Washington Gearing up for the holidays, employers boosted hiring in November, and hundreds of thousands of jobseekers streamed into the market, nudging the unemployment rate up to 4.5 percent.
The Labor Department's report, released Friday, showed a national job climate that remains quite sturdy despite the troubled housing and automotive industries.
Employers added 132,000 jobs to their payrolls, an improvement from the 79,000 generated in October.
Sharing in the gains were retailers, bars and restaurants, hotels and motels, health-care providers, financial firms, computer-design outfits and architectural and engineering companies. Their increases eclipsed job losses, mostly in construction and manufacturing.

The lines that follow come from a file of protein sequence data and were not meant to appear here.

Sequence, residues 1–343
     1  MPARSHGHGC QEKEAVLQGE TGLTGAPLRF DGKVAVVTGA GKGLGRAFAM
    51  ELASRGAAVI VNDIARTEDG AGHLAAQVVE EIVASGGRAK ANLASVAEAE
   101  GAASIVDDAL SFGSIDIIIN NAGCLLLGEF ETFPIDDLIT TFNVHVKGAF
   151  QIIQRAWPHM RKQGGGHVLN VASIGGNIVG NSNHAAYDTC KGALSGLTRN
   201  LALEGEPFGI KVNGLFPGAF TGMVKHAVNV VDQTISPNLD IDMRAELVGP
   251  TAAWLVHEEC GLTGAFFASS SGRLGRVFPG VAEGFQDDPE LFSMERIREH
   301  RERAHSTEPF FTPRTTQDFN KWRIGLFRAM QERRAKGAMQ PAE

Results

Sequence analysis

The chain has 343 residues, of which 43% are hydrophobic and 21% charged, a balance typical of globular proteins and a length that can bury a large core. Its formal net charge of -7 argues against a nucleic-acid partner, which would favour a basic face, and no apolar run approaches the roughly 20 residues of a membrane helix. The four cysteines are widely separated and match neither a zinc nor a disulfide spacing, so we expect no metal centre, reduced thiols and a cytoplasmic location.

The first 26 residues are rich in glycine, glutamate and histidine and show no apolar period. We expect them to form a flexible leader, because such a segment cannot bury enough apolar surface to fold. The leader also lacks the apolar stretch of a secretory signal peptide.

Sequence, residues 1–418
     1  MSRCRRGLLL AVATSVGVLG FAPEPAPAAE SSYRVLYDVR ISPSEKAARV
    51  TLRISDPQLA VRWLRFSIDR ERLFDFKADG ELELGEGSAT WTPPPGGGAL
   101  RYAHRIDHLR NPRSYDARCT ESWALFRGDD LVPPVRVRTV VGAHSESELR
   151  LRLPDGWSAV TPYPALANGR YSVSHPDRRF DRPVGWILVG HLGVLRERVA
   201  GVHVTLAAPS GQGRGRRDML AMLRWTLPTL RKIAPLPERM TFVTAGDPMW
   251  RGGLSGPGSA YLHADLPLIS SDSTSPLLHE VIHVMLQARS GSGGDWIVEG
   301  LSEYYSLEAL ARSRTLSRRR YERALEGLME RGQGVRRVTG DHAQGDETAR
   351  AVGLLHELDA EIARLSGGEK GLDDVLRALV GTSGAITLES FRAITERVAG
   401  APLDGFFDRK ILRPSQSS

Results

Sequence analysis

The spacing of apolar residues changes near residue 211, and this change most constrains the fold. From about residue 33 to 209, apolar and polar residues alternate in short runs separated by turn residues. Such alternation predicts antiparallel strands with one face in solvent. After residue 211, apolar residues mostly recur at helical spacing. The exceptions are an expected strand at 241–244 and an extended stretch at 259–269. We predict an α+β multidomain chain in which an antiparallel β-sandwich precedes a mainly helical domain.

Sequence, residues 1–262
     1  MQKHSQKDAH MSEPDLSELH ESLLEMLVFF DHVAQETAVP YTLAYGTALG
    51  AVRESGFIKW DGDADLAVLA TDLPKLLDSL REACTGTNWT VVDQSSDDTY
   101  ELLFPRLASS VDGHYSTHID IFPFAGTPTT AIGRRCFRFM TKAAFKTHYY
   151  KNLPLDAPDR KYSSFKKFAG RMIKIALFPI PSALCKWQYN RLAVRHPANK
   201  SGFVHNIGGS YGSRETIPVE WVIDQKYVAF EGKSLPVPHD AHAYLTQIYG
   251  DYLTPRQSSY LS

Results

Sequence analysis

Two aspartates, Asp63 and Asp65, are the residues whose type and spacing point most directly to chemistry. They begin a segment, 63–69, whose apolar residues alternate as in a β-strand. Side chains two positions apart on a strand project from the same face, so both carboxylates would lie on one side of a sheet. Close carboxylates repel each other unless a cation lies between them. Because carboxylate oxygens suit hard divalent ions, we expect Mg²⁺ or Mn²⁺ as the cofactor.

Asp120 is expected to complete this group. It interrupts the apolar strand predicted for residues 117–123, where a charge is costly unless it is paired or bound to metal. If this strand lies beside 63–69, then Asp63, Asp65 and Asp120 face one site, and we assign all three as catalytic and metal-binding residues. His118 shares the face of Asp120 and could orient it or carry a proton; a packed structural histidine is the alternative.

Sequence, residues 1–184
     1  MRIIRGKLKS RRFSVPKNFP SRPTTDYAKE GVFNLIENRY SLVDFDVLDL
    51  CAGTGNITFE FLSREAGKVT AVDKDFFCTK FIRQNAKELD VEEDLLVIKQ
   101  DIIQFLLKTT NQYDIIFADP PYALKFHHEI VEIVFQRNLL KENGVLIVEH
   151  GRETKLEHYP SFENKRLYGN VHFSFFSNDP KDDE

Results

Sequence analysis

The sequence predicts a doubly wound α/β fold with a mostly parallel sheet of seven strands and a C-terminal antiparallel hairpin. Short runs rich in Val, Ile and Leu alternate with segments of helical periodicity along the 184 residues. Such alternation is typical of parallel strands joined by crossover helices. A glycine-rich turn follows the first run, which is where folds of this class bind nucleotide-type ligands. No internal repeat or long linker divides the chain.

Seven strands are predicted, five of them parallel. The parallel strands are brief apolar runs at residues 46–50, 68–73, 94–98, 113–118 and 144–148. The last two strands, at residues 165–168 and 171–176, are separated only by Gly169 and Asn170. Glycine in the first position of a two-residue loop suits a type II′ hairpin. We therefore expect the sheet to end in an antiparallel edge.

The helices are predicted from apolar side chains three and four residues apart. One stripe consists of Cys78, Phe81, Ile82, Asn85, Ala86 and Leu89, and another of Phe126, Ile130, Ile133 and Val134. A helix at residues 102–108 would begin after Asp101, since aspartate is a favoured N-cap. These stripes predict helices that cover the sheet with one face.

"The job market is not booming, but it is holding up relatively well despite strains from the housing and auto sectors," said Lynn Reaser, chief economist at Bank of America's Investment Strategies Group.
The unemployment rate crept up to 4.5 percent, still relatively low by historical standards. Feeling better about job prospects, people poured into the labor market looking for work last month, a factor that played a key role in pushing up the rate.
The rate had declined to 4.4 percent in October, the best showing in five years.
Workers, many of whom have seen their paychecks whittled by inflation, saw wages pick up last month. Average hourly earnings rose to $16.94, a modest 0.2 percent increase from October.